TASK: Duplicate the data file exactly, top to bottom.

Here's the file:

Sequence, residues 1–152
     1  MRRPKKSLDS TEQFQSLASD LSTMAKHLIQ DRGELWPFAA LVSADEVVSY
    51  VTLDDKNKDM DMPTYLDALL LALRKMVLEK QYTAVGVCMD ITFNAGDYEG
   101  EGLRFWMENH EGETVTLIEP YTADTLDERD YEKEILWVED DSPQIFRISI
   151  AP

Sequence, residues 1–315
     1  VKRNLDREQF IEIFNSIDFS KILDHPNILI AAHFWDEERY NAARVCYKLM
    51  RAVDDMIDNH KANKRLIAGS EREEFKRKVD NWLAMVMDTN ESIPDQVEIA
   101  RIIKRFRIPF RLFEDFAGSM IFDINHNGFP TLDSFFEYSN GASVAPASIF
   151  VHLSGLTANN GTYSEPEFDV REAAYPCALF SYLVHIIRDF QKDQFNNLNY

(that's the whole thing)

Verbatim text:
Sequence, residues 1–152
     1  MRRPKKSLDS TEQFQSLASD LSTMAKHLIQ DRGELWPFAA LVSADEVVSY
    51  VTLDDKNKDM DMPTYLDALL LALRKMVLEK QYTAVGVCMD ITFNAGDYEG
   101  EGLRFWMENH EGETVTLIEP YTADTLDERD YEKEILWVED DSPQIFRISI
   151  AP

Sequence, residues 1–315
     1  VKRNLDREQF IEIFNSIDFS KILDHPNILI AAHFWDEERY NAARVCYKLM
    51  RAVDDMIDNH KANKRLIAGS EREEFKRKVD NWLAMVMDTN ESIPDQVEIA
   101  RIIKRFRIPF RLFEDFAGSM IFDINHNGFP TLDSFFEYSN GASVAPASIF
   151  VHLSGLTANN GTYSEPEFDV REAAYPCALF SYLVHIIRDF QKDQFNNLNY